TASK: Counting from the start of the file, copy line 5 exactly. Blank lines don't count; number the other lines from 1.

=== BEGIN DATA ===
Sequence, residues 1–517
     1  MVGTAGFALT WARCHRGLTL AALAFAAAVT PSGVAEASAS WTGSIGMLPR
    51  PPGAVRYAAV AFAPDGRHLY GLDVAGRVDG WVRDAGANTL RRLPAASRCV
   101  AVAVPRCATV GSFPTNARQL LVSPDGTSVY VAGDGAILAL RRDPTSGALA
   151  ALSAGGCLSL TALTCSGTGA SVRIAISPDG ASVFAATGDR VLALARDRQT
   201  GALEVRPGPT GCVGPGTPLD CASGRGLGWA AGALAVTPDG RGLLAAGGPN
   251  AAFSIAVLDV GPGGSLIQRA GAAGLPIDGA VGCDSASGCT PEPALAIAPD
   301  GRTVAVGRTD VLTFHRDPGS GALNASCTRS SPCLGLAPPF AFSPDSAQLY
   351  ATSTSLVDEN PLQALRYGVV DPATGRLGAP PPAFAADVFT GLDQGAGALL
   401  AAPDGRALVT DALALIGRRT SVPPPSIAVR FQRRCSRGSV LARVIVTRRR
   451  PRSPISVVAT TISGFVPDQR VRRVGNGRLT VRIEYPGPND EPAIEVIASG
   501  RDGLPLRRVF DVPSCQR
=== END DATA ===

   151  ALSAGGCLSL TALTCSGTGA SVRIAISPDG ASVFAATGDR VLALARDRQT